Some statistics that highlight the direness of the situation: 8 out of 10 maths teachers aren’t qualified to teach the subject. 1 in 5 schools don’t offer students the option of honours maths. This points to systemic failure in how we approach the teaching of maths, and we cannot consider ourselves even approaching a knowledge economy until it is addressed.
Worst of all, we are effectively limiting the options of young people in the education system because when they drop out of honours maths after Junior Cert (43pc of Junior Cert students do honours maths – just 15pc do it in the Leaving Cert) they deselect themselves from the majority of science, technology, engineering and maths subjects at third level. This is a national shame.
Levelling the public procurement playing field:Throughout the public procurement process, there are a number of unnecessary barriers to SME involvement. The process is costly, convoluted and opaque. For larger companies, this is inefficient and frustrating. For the SME, who feels costs more acutely, it effectively rules it out of the process.
This stifles innovation amongst our indigenous companies. A public-sector buy is an essential if selling in international markets. Our exceptional software companies, however, have all had more success selling to foreign public sectors than at home. The ISA has consistently asked for the removal of unnecessary barriers to the process, such as requiring indemnity in the millions for contracts in the thousands and having to provide accounts for the previous three years.
Recently, an EU Directive on procurement has encouraged public sectors to adopt best-practice guidelines to stimulate innovation. These include more engagement with the private sector before contracts in order to create better mutual understanding of requirements and constraints. This has led to better value for money for taxpayers in other EU jurisdictions, and less project failures. These practices need to be bedded down in the Irish public sector immediately.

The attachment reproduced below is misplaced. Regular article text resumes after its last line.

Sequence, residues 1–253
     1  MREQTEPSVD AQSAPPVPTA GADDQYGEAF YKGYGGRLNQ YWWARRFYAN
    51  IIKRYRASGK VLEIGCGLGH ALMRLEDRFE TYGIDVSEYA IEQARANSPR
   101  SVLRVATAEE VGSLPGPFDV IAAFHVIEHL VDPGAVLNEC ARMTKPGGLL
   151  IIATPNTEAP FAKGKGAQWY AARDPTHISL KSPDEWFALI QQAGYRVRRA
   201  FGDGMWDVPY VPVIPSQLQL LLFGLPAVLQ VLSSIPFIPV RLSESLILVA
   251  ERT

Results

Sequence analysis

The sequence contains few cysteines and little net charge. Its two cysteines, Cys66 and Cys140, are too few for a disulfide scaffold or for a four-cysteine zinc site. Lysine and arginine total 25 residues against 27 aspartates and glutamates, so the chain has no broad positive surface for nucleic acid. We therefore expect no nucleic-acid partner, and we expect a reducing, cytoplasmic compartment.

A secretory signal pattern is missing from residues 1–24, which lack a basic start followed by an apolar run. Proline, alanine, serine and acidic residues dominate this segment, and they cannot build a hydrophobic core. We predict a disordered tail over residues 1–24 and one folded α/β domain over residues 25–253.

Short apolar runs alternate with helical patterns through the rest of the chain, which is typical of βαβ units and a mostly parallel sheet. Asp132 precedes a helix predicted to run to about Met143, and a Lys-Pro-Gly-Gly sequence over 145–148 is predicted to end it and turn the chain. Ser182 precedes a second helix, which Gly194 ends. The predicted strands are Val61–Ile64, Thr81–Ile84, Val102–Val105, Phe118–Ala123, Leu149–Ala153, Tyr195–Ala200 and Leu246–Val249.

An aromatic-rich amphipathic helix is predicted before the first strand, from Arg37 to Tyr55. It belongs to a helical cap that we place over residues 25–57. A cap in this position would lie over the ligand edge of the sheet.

The public procurement function needs to be professionalised immediately. Standardised competencies, job roles and training must be funded by Government. The returns in terms of innovation and value for money will outstrip any cost.
Q. More than ever, Ireland needs breakthrough science and technology business stories, with local companies reaching global markets. What’s missing and what areas of technology could deliver rewards?
A. Before the economic downturn, innovation was the path to future economic success. The way out of the current economic morass is still creating innovative products and services through R&D. The Strategy for Science, Technology and Innovation (around €8bn) is the Government’s effort to transform Ireland into an innovation island. The first stage of the delivery of this funding was to lay down a research infrastructure in our colleges and institutes of technologies. This has been a huge success.
Now our efforts should turn to commercialisation, We need to build a national commercialisation process that stimulates our research infrastructure to produce valuable intellectual property (IP). State agencies such as SFI and EI, in conjunction with groups like the ISA, are coalescing around this objective. But a set of hard metrics needs to be put in place so we can measure our conversion rate of turning research in IP and/or companies, otherwise our significant investment in the SSTI will be squandered.